NZXT is a PC hardware company that makes computer cases, cooling components, and power supplies, among other things. Beyond being just a PC hardware company though, NZXT really cares about their PC-loving user base and is always thinking of ways to help make the lives of PC users easier.
In Spring 2014, NZXT released a proof of concept: a more simplified PC hardware monitoring application called CAM. Current software in the same market was often cumbersome to use, and/or overwhelmed less experienced users with its abundance of information, often times turning them away from truly caring about their PC's health. CAM sought to provide a more aesthetically-pleasing alternative, while being extremely easy to use.
Defining The Problem
The first version had positive response, but it was also designed without a proper UX process in place. Although it was simple in the sense that it displayed your GPU and CPU's temperatures and load, it was still very cumbersome to navigate and find things. Certain sections were squeezed in not because it made sense to, but because of the lack of space.
I was then brought on to spearhead an effort to re-assess, redesign, and relaunch a second version of CAM--this time with some well thought-out UX processes in place. I was solely responsible, from concept to final designs, for the entire design of CAM v. 2.0.
Even though I come specifically from a web background, and even though this product was a desktop software for windows, I felt that I could apply a lot of the same processes that go into web design, into the UI design for this software.
First, we needed to understand who we were targeting. We spent a little bit of time hashing out very high level, very basic proto-personas of the types of users we were targeting.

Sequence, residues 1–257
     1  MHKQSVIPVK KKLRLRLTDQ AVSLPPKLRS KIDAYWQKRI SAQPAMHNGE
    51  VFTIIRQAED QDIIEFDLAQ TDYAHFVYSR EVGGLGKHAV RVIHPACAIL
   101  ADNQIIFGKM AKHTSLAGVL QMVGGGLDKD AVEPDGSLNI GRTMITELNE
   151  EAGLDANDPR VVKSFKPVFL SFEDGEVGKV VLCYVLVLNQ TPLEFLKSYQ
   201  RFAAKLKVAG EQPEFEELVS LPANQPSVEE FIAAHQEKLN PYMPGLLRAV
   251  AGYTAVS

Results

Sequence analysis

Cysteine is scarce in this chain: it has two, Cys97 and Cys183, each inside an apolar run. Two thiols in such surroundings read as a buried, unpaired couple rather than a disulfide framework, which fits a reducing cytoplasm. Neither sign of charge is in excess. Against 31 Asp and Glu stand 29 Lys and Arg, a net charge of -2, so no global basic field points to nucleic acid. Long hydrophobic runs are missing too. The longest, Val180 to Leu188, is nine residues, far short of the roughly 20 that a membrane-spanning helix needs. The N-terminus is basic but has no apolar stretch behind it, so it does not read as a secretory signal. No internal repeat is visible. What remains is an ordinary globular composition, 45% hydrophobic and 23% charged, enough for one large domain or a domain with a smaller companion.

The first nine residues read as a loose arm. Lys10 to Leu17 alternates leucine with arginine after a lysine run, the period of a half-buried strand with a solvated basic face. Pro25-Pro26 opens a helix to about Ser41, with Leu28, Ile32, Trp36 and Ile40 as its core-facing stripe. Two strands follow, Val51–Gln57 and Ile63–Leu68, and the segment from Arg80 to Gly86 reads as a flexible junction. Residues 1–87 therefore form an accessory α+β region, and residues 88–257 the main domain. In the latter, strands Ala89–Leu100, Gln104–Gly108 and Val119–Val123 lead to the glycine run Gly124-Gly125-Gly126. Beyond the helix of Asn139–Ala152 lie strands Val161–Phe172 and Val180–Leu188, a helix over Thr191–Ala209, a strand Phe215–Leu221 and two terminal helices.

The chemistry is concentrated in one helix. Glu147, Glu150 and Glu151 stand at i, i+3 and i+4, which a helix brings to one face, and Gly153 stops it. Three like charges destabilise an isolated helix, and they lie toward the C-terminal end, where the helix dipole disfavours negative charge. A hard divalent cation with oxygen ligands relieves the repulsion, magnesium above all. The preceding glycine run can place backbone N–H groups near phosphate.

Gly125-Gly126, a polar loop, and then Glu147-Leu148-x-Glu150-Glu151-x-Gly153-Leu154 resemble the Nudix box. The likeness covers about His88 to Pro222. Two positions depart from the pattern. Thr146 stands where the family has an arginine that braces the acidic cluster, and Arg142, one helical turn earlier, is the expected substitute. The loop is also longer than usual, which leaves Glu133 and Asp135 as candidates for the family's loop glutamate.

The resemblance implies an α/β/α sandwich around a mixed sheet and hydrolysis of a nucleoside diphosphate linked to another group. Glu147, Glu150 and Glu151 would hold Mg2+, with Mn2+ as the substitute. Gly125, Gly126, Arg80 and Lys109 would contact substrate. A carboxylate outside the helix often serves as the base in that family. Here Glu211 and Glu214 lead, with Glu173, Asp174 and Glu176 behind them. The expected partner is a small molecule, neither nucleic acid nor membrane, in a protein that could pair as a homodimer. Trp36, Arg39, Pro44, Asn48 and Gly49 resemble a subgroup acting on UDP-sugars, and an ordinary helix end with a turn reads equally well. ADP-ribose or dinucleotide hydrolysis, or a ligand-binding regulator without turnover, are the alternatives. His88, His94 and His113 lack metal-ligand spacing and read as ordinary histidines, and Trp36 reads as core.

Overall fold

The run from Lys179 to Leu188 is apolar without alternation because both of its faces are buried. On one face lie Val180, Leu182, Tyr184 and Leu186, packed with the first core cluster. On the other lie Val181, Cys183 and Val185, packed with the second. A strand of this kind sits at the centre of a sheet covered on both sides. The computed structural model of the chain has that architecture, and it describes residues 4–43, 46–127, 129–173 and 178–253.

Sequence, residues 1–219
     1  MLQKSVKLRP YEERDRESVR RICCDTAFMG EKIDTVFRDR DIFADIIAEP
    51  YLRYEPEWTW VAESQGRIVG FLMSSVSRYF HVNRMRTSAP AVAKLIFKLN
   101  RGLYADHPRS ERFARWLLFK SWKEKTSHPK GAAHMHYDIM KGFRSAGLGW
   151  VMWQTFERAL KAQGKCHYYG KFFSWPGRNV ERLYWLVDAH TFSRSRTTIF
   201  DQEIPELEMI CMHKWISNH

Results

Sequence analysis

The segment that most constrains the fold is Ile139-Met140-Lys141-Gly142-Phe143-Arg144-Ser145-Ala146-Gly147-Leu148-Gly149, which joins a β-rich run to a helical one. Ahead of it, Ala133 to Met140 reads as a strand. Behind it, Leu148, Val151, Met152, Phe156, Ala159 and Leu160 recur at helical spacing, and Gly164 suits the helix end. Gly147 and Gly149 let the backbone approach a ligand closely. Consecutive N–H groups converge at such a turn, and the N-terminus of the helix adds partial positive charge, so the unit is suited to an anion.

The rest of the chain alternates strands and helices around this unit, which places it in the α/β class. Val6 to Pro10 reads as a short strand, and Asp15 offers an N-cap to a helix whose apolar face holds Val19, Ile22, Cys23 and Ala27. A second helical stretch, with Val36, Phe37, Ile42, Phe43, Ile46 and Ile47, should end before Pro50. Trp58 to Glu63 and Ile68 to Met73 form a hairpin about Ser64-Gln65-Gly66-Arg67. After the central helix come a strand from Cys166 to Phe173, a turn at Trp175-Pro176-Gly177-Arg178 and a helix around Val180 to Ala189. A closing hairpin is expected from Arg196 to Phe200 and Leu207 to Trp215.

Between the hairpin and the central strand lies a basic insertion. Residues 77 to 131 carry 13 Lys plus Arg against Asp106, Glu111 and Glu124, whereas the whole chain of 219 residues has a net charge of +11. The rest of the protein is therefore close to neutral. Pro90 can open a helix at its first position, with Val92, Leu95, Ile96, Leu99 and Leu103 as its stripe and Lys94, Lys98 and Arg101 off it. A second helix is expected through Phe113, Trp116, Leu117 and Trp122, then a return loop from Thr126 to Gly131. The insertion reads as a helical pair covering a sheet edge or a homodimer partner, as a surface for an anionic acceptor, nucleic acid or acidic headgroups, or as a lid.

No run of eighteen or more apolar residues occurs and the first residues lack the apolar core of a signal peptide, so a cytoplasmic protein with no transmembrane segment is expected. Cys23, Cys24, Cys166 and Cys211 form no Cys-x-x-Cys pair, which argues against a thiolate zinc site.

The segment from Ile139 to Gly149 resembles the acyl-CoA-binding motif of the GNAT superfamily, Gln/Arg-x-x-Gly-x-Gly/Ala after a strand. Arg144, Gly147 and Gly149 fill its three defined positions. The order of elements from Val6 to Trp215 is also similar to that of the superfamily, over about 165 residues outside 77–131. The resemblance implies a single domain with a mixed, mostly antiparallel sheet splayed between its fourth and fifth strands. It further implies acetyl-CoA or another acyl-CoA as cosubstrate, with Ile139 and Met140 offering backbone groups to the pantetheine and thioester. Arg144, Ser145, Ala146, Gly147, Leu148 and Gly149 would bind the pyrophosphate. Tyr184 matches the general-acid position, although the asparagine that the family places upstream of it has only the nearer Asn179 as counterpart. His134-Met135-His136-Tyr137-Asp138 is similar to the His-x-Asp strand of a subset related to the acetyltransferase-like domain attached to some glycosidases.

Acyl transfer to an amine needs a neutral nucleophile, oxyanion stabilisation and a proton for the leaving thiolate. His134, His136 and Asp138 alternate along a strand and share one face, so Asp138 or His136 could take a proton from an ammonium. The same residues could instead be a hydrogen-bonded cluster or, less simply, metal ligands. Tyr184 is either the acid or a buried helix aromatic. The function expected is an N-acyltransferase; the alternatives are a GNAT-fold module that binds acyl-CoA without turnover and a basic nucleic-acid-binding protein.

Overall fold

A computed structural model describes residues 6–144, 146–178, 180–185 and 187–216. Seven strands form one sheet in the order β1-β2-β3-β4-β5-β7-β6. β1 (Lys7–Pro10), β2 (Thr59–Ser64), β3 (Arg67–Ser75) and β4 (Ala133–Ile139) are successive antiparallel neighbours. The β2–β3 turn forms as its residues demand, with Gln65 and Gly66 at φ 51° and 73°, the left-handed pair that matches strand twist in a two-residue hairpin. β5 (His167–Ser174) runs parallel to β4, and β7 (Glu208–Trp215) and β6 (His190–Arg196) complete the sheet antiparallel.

Below, you can see our whiteboarding session, as well as the notes I later transcribed into my notebook for posterity (that whiteboard marker really needed to be replaced!).
The next step was to assess the content of our product. CAM's information is quite complicated and is is not for the faint of heart PC user. I wanted to get opinions from different types of PC users on how they felt the information should be organized, via card sorting. I surveyed users of varying degrees of PC expertise, ranging from level 1 ("I know that CPU and GPU are important, but that's about it") to level 10 ("I mod my PC and am a veteran in water cooling").
A total of 35 users ended up participating in this exercise.
After analyzing the results, I was able to figure out what the information architecture might look like, and created a sitemap. The sitemap can be seen in the photo below (I unfortunately lost the digital copy of this artifact).
I spent a few months on the wire-framing process, from sketch to Balsamiq. I had a few concepts that I started off with for the wireframes, and would frequently consult with the product manager and the CEO on which direction we would use.
Visual Design Phase
We wanted to truly make CAM feel like it belonged to the user, so I needed to account for areas of customization. We also wanted to make sure that this software was beginner friendly but had enough of a bite for an advance user to stick around. The art direction I went with was a more clean, modern look that was modular in nature and had a lot of white space to give the numbers more emphasis.
A select few designs are shown below, but I designed every single aspect of this app, including the liquid states of the application (e.g. when the user resizes the software window).
We launched CAM v 2.0 in April 2015 to overwhelmingly positive feedback. Many users liked the new CAM, and felt that UI/UX direction made CAM even better for them than before. We are also seeing beginner-level users using CAM because of Basic's simplicity.